Location: Warmwater Aquaculture Research UnitTitle: No evidence for intercohort cannibalism in mixed-size cultures of food-size and fingerling hybrid catfish (channel catfish x blue catfish) grown in ponds in winter or summer
Submitted to: North American Journal of Aquaculture
Publication Type: Peer Reviewed Journal
Publication Acceptance Date: 9/9/2015
Publication Date: 12/21/2015
Citation: Torrans, E.L., Ott, B.D. 2015. No evidence for intercohort cannibalism in mixed-size cultures of food-size and fingerling hybrid catfish (channel catfish x blue catfish) grown in ponds in winter or summer. North American Journal of Aquaculture. 78(1):52-56.
Interpretive Summary: Hybrid catfish (a cross between channel and blue catfish) are harvested by seining and the ponds are typically restocked without draining. A few food-size fish usually escape seining and are left in the pond. Farmers are concerned that these larger fish may eat (“cannibalize”) the smaller fingerlings when they are stocked after the fall harvest. This study examined the cannibalism of smaller fingerlings in both winter and the following growing season. Results show that fingerling survival was similar in ponds with and without larger fish. While those larger fish may grow too large for the processor’s prime fish size range during the next growing season, bringing a discounted price, and will convert feed poorer, the risk of cannibalism is not a concern.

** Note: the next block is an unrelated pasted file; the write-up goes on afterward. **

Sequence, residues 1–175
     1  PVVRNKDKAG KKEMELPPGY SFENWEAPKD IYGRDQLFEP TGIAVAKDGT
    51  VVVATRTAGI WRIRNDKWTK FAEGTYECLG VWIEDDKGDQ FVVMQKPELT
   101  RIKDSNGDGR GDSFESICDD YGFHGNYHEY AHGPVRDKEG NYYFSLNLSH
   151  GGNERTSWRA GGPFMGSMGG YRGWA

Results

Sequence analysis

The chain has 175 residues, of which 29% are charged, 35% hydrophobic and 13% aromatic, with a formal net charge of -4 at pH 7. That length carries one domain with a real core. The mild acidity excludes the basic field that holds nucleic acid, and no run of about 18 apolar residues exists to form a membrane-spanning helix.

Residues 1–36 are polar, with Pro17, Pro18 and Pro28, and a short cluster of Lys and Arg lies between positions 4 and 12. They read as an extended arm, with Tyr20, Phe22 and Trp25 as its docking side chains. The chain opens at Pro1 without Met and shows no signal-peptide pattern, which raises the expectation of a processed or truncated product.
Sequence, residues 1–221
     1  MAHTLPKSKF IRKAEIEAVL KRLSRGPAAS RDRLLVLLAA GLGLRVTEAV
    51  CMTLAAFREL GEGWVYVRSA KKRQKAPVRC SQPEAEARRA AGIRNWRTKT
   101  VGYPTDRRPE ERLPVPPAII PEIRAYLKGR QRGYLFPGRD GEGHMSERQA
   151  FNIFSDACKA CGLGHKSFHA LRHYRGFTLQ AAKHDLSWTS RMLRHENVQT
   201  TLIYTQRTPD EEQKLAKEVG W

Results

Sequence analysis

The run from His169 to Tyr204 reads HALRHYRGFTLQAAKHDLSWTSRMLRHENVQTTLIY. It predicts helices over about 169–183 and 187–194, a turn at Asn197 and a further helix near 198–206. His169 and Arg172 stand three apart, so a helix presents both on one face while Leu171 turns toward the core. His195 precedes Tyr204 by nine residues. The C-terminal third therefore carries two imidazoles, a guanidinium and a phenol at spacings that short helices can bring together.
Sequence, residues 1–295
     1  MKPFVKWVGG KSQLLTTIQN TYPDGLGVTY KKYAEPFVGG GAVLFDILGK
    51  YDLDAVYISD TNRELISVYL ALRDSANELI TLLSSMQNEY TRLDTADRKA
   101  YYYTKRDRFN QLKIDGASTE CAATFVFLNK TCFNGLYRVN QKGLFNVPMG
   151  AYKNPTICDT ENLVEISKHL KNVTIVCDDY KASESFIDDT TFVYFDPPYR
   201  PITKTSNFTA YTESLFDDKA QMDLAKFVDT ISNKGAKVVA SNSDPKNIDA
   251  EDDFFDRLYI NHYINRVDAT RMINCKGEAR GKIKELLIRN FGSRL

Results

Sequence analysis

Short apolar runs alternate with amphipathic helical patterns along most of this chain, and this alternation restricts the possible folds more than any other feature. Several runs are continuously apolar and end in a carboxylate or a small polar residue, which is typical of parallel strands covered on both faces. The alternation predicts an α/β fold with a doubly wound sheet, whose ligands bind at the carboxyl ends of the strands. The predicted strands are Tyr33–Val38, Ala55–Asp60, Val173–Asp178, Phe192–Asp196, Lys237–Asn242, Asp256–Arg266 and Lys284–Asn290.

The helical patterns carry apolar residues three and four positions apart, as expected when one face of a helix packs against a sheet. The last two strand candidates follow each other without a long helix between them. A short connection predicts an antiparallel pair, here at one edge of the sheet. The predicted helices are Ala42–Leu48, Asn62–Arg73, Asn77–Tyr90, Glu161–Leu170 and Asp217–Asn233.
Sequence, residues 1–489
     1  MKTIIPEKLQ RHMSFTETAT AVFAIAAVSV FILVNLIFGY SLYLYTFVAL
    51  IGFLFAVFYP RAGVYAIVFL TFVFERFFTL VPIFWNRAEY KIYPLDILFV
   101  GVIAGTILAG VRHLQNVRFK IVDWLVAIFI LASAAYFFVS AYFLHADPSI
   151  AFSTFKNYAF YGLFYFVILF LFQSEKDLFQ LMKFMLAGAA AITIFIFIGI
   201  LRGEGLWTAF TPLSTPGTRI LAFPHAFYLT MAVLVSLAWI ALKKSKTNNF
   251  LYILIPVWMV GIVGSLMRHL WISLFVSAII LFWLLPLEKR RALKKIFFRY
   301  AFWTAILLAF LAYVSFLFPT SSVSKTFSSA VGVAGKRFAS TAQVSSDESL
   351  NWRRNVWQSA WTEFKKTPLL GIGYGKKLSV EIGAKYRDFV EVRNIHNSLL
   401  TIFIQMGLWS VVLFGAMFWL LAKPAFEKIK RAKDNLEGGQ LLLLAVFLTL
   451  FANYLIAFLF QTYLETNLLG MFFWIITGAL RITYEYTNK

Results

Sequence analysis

Technical Abstract: Hybrid catfish (' Channel Catfish Ictalurus punctatus X ' Blue Catfish I. furcatus) are normally harvested by seining single-batch pond production systems in fall or winter. Ponds are typically restocked without draining. There is concern that without completely draining the pond after harvest, food-size hybrids that escape seining may cannibalize the smaller understocked fingerlings. The purpose of this study was to determine if small hybrid fingerlings stocked after the fall harvest would be eaten by the larger fish over winter or during the following growing season. Three 0.04 ha ponds were each stocked on November 25, 2013, with 100 1.5-year-old hybrid catfish averaging 1.07 kg. Those three ponds and an additional three ponds were then stocked on November 27, 2013, with 300 hybrid catfish fingerlings averaging 14.8 g. The fish were not fed over winter. On March 26, 2014, the ponds were harvested and all fish were counted and weighed. Survival of the large fish was 99.7%. Survival of the understocked fingerlings was not significantly different between treatments, averaging 91.9% and 92.9% in ponds with and without large fish. On April 9, 2014, four 0.04 ha ponds were each stocked with 40 hybrid catfish averaging 1.12 kg. Those four ponds and an additional four ponds were then each stocked with 800 hybrid catfish fingerlings averaging 23.6 g on April 23, 2014. The fish were fed through the growing season and harvested on October 7-10, 2014. Survival of the large fish was 99.4%. Survival of the small fish was not significantly different between treatments, averaging 88.8% and 90.3% in ponds with and without large fish. This study indicates that cannibalism from carry-over fish does not have a significant impact on understocked fingerling survival either over-winter or during the following growing season.